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Invited Commentary |

The Continuing Challenge of Turning Promising Observational Evidence About Risk for Dementia to Evidence Supporting Prevention

Carole Dufouil, PhD1; Carol Brayne, MD2
[+] Author Affiliations
1Institut National de la Santé et de la Recherche Médicale (INSERM) Centre U897 and Clinical Investigation Centre EC7, Institut de Santé Publique, d’Épidémiologie et de Développement, Bordeaux University, Centre Hospitalier Universitaire de Bordeaux (Pole de Sante Publique), INSERM, Bordeaux, France
2Department of Public Health and Primary Care, Cambridge Institute of Public Health, University of Cambridge, Cambridge, England
JAMA Intern Med. 2014;174(3):333-335. doi:10.1001/jamainternmed.2013.7674.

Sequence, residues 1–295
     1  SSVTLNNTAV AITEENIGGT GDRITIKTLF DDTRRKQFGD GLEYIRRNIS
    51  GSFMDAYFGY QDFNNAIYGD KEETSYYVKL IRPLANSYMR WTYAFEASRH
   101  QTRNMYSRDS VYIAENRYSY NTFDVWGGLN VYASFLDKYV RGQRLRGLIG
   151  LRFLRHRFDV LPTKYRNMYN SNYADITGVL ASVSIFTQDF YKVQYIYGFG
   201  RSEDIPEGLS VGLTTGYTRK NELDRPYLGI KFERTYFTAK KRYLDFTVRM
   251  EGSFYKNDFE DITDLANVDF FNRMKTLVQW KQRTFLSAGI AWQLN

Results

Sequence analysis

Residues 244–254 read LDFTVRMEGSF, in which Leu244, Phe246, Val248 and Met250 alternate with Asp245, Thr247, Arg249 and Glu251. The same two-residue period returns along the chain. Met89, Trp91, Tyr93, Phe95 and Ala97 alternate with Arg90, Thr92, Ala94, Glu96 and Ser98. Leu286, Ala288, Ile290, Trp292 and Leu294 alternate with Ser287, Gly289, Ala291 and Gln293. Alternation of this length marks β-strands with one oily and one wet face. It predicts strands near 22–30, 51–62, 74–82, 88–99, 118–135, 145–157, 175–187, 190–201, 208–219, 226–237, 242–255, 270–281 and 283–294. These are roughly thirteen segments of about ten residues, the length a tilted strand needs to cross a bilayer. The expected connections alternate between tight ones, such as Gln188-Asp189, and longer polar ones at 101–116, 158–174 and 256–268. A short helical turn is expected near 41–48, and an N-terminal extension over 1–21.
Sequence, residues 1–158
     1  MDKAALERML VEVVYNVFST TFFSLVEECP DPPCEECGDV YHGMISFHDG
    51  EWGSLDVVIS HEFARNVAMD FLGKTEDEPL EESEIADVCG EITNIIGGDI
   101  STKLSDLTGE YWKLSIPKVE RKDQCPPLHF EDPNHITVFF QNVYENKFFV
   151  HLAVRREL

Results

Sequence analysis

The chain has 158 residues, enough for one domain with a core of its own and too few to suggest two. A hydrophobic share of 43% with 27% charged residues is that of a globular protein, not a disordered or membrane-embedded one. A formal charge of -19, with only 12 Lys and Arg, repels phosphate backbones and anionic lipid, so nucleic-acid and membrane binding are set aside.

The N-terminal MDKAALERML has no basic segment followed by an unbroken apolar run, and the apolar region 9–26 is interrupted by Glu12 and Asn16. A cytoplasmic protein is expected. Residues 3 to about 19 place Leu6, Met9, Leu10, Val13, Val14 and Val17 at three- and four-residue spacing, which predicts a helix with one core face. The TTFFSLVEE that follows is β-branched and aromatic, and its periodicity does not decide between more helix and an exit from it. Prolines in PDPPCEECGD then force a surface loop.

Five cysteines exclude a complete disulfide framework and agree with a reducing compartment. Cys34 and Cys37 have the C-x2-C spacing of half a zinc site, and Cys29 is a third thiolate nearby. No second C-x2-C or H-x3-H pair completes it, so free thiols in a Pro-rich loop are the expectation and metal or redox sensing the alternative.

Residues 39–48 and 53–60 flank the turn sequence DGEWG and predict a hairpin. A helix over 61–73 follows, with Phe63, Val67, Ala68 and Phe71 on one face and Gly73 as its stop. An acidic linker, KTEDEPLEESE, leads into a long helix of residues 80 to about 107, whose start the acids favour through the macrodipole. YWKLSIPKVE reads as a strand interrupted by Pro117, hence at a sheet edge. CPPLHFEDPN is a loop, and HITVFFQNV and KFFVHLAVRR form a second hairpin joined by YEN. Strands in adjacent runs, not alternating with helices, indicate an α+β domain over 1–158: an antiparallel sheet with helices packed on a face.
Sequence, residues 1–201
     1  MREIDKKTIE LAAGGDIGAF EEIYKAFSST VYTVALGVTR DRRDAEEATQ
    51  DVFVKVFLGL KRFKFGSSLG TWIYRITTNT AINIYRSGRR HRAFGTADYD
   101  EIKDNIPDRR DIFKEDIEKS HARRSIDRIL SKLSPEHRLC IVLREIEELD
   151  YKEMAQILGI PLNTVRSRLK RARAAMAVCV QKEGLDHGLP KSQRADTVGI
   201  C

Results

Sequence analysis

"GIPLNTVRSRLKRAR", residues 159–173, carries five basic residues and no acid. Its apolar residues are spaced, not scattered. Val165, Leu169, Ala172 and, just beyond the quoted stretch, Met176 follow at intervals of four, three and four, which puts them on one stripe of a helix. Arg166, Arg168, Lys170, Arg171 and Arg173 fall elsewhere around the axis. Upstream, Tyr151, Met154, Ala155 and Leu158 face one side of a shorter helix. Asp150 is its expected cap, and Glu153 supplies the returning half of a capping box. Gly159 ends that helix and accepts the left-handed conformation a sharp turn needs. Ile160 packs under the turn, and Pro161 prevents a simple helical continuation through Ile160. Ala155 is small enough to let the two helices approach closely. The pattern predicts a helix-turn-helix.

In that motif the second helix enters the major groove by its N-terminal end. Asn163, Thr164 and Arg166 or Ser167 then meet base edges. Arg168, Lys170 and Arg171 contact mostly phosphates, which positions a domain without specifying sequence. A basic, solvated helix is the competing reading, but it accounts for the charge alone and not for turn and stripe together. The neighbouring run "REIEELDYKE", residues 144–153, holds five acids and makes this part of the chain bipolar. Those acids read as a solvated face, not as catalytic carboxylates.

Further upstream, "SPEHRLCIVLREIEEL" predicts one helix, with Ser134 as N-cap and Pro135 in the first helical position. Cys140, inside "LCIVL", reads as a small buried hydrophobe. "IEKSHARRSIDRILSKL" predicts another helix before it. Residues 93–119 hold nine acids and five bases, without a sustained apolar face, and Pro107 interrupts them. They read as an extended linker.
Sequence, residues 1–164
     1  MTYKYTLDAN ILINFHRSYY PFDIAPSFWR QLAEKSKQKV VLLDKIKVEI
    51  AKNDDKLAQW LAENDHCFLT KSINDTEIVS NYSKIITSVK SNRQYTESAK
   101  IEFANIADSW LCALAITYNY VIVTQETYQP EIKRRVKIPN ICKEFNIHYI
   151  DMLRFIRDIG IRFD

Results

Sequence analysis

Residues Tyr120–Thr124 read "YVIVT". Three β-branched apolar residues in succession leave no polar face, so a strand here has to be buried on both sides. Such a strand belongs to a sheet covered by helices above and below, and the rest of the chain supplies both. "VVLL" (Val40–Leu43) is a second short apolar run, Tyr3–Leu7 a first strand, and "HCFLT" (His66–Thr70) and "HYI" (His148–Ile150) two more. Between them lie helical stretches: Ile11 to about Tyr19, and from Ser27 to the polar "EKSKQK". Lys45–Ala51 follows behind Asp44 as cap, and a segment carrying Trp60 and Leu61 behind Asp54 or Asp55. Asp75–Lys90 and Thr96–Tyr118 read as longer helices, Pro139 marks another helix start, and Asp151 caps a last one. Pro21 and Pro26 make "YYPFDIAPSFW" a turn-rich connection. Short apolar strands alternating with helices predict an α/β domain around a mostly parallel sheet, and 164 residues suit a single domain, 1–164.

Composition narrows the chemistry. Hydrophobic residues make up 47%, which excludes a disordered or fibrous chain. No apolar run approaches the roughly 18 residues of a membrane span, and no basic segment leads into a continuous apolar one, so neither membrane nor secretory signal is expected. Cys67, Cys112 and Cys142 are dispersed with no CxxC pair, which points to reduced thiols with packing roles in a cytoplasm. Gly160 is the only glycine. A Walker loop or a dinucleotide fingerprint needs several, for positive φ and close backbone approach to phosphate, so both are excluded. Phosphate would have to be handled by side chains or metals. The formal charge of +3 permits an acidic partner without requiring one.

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As our society ages, we fear the onset of dementia and Alzheimer disease (AD) every time we forget the name of a person we are sure we once knew. Hard evidence for prevention and causation of dementia remains elusive.1 Models have shown that primary prevention of risks appears more effective for population outcomes than screening or treatment.2 Evidence from observational population-based studies3 suggests that vascular risk factors, including type 2 diabetes mellitus (T2DM), are associated with brain changes, and research on the causes of dementia remains a priority. Trials for prevention of vascular dementia and AD are challenging, requiring many years and many participants for interventions that need to start in middle-aged or younger populations with decades of follow-up. To try to obtain evidence more quickly, attention has focused on surrogate markers (eg, magnetic resonance imaging of the brain), evolution of cognitive tests, and β-amyloid biomarkers.

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